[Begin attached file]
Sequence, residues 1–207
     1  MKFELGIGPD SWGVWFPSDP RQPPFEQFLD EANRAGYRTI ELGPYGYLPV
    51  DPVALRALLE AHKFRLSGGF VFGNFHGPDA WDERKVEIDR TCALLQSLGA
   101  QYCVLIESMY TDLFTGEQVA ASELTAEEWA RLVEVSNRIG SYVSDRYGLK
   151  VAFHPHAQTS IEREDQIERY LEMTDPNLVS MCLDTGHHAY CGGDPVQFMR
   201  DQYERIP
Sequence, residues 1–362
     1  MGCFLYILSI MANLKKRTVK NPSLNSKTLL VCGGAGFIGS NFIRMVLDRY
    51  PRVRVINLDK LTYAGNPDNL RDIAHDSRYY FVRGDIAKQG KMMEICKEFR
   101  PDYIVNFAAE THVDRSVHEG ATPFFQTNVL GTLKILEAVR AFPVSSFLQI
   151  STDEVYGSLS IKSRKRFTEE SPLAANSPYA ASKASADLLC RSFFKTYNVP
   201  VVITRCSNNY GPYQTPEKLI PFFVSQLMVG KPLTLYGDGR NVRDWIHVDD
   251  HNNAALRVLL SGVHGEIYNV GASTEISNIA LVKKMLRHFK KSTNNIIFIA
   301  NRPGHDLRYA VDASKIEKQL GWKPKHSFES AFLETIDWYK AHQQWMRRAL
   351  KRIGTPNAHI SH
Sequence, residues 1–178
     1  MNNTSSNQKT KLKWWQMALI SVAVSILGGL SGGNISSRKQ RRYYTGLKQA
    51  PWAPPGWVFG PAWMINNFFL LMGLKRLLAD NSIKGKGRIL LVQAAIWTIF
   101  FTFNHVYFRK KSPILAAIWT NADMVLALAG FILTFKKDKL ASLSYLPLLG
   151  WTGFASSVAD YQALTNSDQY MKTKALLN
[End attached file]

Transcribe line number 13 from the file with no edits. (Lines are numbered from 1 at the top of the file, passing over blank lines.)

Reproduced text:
   251  HNNAALRVLL SGVHGEIYNV GASTEISNIA LVKKMLRHFK KSTNNIIFIA